Statistics are the currency of science, the regnant standard for human knowledge. Claim that lives are at stake, and this is an opinion; lard this assertion with numerical evidence, and your argument carries the signature of objectivity. Yet numbers, like words, require context for their meaning. Statistics are based on perspective, selection, and other limitations that demand careful interpretation. Different communities translate this data into narrative accounts and normative commitments, and power relations stamp the creation of policy from data. In many ways, as philosopher James Blachowicz points out, this “scientific” method of dealing with information looks more like poetry than positivism: we conscript the data to fit our task, not to discover immutable laws of nature or engineer human behavior. The reportage surrounding Fryer’s working paper exposes the plasticity of statistical texts in the hands of various interpretive communities — from activists taking these numbers as evidence of police brutality to their critics marshaling it as evidence of activist overreach. We need to handle these deployments of statistics with more critical awareness and sensitivity to context.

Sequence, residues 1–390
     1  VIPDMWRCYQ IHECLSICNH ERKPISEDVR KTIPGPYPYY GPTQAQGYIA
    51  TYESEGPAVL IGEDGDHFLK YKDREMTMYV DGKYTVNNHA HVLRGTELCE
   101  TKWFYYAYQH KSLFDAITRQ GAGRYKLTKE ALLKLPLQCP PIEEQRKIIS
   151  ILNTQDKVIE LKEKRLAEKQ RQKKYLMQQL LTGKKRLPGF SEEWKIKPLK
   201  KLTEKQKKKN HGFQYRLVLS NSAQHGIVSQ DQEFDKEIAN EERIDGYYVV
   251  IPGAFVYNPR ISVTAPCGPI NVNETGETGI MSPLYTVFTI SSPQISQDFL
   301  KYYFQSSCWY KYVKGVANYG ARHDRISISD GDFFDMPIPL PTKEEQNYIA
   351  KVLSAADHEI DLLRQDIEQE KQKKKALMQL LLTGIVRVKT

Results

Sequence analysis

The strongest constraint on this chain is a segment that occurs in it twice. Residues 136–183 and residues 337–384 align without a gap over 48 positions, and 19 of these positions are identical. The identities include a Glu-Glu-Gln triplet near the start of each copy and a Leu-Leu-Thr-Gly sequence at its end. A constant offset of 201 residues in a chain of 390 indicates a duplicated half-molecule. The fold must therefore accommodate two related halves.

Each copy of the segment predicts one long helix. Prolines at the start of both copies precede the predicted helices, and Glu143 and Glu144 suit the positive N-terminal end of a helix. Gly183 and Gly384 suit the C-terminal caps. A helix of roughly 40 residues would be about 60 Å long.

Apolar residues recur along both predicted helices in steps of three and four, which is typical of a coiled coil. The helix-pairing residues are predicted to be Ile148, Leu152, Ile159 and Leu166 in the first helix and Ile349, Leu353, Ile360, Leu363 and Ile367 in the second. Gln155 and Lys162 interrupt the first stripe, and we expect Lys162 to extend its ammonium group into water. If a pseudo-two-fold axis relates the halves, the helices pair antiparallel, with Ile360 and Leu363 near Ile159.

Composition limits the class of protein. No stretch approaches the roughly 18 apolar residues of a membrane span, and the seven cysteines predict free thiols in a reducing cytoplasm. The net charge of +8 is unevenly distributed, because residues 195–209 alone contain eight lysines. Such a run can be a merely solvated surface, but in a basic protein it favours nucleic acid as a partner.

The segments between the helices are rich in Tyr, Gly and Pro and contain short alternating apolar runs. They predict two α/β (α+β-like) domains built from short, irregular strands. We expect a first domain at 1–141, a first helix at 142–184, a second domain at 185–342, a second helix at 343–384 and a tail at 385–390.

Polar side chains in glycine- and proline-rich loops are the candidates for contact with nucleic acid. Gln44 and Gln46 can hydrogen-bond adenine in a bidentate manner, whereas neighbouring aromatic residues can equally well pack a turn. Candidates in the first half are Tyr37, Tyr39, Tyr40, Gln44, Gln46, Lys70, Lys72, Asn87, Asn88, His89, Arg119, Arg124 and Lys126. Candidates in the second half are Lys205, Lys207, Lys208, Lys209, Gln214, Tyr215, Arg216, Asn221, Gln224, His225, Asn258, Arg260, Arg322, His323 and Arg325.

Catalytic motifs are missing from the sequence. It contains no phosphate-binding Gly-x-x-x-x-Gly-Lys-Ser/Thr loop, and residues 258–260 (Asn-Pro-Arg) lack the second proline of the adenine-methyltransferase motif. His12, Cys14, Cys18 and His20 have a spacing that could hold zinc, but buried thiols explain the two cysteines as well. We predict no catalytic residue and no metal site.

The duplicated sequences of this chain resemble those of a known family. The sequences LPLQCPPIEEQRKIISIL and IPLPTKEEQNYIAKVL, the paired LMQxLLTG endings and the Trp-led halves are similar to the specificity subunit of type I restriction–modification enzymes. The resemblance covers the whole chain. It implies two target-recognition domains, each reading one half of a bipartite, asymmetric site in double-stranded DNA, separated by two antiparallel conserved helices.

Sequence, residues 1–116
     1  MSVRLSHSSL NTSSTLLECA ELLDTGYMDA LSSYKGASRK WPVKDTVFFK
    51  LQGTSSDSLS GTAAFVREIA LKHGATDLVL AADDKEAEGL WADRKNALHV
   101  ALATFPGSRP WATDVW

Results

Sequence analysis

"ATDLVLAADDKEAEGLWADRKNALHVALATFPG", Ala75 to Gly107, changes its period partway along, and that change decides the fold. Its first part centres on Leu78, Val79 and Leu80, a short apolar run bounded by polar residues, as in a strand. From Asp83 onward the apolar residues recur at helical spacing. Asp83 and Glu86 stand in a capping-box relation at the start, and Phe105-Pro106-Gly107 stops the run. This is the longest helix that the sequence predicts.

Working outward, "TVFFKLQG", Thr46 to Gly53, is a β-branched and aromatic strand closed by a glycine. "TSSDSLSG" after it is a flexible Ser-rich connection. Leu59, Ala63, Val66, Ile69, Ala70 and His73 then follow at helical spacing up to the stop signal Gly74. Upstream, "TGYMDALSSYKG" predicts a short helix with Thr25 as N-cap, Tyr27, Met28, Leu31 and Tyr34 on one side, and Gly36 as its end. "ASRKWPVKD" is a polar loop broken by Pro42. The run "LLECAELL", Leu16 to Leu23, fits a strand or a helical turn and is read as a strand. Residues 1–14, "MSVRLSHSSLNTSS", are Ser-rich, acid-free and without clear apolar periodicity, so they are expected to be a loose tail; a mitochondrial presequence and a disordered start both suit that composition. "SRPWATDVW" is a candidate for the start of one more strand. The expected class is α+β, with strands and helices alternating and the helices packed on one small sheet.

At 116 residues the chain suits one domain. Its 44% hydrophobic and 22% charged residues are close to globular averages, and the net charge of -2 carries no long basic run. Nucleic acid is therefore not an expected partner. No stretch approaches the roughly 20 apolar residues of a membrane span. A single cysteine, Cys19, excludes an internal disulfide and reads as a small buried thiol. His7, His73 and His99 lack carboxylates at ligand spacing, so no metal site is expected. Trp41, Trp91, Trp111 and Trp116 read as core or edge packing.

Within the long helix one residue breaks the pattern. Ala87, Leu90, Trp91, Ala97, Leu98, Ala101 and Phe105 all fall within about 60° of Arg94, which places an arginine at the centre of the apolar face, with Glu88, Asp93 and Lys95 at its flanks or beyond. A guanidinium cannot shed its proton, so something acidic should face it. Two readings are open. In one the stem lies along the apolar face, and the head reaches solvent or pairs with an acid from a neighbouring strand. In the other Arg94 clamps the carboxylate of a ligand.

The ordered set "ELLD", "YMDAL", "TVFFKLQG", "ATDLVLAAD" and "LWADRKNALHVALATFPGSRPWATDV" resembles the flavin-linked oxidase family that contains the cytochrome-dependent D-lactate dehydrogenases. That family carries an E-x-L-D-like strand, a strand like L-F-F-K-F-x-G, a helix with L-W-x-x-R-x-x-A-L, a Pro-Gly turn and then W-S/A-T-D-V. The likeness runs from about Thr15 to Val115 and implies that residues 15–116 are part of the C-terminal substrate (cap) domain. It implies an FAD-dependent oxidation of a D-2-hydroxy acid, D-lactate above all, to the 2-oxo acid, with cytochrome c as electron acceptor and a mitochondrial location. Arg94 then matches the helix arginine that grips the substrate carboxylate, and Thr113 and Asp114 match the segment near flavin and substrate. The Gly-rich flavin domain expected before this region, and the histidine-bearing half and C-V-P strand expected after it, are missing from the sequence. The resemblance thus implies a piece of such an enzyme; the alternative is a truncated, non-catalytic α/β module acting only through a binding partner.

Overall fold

Fryer’s study makes an important contribution to the problems of police use of force against minorities, but it raises as many questions as it answers. New findings may complement or complicate his conclusions. In the meantime, partisans on the left and right will continue to enlist his research to support their own agendas, using statistics to lacquer their arguments with the veneer of respectability. These numbers have much to tell us, and they should be instrumental in formulating policy. But we should also be cautious in mistaking them for our only access to the real, should we lose sight of the personal experience behind the statistics. The visceral response that arises when we see faint specters of officers firing on innocent black and brown bodies on video, and the dread minorities feel when they see blue and red lights in their rearview mirrors, are present in a way that an actuarial calculus can never capture. Black and Latinx residents inhabit a world in which racial profiling and police harassment are palpable realities, not mere statistical abstractions. If black lives matter, they must matter more than numbers on a ledger sheet, or in a research abstract. As we deliberate strategies of policy and protest, we must value their voices, their rhetoric, and their experiences as part of a thick description that includes our best data.
Ryan T. Woods teaches at Georgia Gwinnett College and serves as associate editor at Marginalia Review of Books, a channel of the Los Angeles Review of Books.